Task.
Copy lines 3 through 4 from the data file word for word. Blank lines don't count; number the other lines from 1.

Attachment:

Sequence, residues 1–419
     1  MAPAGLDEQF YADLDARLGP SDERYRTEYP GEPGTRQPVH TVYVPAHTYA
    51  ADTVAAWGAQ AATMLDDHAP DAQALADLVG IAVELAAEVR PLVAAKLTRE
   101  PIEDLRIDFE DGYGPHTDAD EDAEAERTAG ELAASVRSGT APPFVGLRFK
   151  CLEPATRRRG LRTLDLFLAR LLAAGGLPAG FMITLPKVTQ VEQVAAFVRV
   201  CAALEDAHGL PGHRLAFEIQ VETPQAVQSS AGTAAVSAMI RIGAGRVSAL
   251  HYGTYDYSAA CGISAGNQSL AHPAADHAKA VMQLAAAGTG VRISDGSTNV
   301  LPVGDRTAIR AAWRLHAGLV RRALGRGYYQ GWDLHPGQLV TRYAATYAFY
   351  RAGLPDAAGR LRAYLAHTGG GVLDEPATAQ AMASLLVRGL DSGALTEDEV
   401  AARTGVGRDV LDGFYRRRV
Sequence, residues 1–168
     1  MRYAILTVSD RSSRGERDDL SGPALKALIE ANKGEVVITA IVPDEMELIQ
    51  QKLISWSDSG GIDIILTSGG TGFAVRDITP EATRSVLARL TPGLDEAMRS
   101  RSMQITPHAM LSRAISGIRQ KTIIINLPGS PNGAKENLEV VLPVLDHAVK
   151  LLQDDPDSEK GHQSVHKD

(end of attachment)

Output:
    51  ADTVAAWGAQ AATMLDDHAP DAQALADLVG IAVELAAEVR PLVAAKLTRE
   101  PIEDLRIDFE DGYGPHTDAD EDAEAERTAG ELAASVRSGT APPFVGLRFK